Trail camera. Copyright NYMNPA.A slightly less ‘hands on’ approach is to wait for the wildlife to come to you. As technology progresses and costs fall, remote cameras are becoming much more accessible – whether you are hoping to learn about a particular species, or simply work out what is digging up your vegetable patch! Our Land of Iron Programme has recently invested in a number of cameras to help us find out more about the shy and elusive Ring Ouzel which breeds around the moorland edge, and is also known as the Mountain Blackbird. The local population in Rosedale has been vulnerable to nest predation in recent years and we are hoping to catch the Ring Ouzel with its distinctive white chest. Copyright North East Wildlife.culprits in the act by staking out key nest sites. We are also expecting these cameras to give us real insights into Ring Ouzel behaviour, informing how we can best support and bolster the population of these beautiful birds. The best bit? – we don’t have to spend the next three months sitting behind a bush to find out!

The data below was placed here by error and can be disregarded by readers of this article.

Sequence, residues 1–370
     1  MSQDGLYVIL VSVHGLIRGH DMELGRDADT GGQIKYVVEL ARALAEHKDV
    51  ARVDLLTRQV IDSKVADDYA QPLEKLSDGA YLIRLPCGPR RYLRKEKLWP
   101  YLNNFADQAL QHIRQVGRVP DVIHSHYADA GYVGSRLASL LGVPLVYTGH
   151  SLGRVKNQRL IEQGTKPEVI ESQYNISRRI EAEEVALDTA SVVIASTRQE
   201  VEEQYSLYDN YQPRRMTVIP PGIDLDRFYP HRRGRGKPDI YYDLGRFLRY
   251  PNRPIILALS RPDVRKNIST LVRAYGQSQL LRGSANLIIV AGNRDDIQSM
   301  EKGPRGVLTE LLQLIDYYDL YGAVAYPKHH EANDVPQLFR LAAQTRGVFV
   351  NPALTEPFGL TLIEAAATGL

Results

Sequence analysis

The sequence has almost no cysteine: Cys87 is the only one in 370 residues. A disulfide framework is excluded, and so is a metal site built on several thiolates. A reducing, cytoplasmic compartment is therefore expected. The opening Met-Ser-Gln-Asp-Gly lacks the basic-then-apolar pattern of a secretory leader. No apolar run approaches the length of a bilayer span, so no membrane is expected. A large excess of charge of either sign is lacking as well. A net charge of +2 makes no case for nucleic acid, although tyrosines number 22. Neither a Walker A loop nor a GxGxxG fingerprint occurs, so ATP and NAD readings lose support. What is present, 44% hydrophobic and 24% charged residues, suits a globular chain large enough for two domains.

Rosedale with Rowan in the foreground. Copyright Tom Mutton, NYMNPA.

Animal tracking can be incredibly rewarding, and a great activity to do when you’re out and about – particularly with kids. You can get involved for yourself by joining This Exploited Land of Iron at the upcoming Rosedale History Society Festival on 22 and 23 April where we will be busy dissecting owl pellets, or taking part in one of the family friendly events at The Moors National Park Centre over the Easter holidays, or just heading out yourself for an explore! However when you’re exploring please remember that most of the North York Moors is privately owned and you’d need permission from the landowner to explore over private land.